I would be absolutely seething! Maybe these kids are too young for legal consequences, but aren't the parents responsible for keeping them safe and out of trouble at that age? Sounds as though they should be getting a visit from the family services people asking "Do you know where your children are and what they are doing?"

    Big hugs to difficult child 3. That's just miserable for him.
     
  9. Big Bad Kitty

    Big Bad Kitty lolcat

    ((((((Marg))))))) Like you need this on top of your health issues.


    Rotton little brats.
     
  10. Janna

    Janna New Member

    You know, aside from the anger of the incident, and I absolutely think this is horrible, I feel so bad for difficult child 3. I see him as being like my Dilly, and you know, this would totally break my heart :sad: I'm sorry, Marg.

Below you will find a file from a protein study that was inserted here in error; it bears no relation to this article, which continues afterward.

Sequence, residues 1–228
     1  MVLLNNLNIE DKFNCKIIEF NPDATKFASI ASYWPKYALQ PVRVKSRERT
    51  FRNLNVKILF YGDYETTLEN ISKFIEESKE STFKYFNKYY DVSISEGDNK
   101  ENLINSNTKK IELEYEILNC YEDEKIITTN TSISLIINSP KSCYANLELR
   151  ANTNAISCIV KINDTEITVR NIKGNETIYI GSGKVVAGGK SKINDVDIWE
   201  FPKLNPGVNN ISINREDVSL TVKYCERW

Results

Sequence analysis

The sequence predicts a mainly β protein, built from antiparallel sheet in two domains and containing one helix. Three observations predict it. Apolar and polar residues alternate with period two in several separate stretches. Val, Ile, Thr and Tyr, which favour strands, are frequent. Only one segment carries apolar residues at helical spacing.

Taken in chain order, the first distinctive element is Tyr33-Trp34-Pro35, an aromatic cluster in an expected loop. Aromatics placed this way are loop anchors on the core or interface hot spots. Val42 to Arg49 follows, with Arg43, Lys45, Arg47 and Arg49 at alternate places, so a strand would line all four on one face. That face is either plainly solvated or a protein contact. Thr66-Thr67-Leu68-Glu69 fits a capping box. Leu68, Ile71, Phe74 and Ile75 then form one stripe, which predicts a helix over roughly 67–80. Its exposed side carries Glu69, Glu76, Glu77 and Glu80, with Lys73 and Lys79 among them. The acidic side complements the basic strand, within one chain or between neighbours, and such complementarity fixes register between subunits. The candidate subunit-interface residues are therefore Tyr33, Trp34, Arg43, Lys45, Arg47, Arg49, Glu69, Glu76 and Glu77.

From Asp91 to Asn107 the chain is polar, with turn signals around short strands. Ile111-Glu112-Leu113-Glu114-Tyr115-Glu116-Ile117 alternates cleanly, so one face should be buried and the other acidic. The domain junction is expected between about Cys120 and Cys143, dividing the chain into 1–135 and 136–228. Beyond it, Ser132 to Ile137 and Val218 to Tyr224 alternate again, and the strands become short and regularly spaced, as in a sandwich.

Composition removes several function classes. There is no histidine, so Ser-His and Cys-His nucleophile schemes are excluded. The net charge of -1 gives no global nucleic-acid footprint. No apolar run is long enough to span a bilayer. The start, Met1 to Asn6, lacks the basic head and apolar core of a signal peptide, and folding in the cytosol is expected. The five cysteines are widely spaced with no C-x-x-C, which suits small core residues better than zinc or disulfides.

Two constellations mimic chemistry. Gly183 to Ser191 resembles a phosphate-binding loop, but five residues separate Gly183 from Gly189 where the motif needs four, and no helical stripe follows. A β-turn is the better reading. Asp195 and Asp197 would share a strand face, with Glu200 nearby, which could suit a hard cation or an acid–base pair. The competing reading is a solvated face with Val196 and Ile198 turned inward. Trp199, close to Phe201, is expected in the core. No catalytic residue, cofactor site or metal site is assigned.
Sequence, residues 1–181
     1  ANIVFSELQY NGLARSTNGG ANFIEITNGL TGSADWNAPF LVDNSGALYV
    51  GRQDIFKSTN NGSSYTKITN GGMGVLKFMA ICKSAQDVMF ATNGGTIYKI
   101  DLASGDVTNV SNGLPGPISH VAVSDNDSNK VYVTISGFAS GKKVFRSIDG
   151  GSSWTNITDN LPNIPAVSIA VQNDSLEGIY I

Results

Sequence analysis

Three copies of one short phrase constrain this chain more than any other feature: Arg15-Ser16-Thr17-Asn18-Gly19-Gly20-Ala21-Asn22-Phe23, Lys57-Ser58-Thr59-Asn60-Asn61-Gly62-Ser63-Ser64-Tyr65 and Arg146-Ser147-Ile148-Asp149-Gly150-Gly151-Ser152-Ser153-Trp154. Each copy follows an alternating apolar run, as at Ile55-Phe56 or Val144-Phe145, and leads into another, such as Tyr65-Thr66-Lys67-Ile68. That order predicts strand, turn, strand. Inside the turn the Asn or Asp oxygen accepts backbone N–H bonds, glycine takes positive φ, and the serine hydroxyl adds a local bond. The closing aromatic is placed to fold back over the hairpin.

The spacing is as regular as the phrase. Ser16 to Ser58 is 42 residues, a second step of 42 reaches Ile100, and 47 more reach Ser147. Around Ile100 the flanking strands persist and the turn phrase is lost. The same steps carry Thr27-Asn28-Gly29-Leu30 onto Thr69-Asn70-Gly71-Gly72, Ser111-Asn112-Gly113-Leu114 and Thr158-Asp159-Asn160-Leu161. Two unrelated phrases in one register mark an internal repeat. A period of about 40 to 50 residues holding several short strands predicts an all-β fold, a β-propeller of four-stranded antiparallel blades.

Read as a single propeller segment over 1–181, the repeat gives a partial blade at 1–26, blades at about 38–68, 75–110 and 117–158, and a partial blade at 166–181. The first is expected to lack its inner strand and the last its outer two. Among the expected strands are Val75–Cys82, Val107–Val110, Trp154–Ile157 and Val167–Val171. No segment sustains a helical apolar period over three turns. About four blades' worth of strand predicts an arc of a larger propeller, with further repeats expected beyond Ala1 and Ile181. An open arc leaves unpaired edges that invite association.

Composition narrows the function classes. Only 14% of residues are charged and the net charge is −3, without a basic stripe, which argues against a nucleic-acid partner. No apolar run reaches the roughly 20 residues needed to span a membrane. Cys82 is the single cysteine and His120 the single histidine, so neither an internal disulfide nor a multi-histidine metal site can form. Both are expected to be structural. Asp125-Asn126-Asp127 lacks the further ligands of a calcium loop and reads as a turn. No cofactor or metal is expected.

11. TrishaBC

    TrishaBC New Member

    I am so sorry for you and for difficult child 3. I think the parents need to know exactly what happened and see the pictures. Even the parents of the children not directly involved should know what goes on when their little angels are not supervised. These kids are punks and could very well turn into full blown criminals if it's not dealt with. Once again I'm so sorry, I would be so angry if I were you.
     
  12. Mrs Smith

    Mrs Smith New Member

    Life stinks for kids with special needs! I feel so bad for him. Hope he recovers quickly and it doesn't stop him from wanting to go places by himself. It's such a struggle to get them interacting with the world and then, when they try, they get beat up. Not fair!